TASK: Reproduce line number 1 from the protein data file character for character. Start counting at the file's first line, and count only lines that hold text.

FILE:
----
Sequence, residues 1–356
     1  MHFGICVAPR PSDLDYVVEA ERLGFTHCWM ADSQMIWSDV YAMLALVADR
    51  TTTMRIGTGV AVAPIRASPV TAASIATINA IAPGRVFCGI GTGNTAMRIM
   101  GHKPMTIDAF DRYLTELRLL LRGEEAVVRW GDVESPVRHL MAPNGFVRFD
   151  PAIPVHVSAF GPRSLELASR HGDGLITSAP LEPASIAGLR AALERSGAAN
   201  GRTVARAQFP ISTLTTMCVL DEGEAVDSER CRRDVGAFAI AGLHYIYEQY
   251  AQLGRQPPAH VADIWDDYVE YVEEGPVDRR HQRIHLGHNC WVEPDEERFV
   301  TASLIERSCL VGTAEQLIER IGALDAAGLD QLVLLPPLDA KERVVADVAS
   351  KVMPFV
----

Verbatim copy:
Sequence, residues 1–356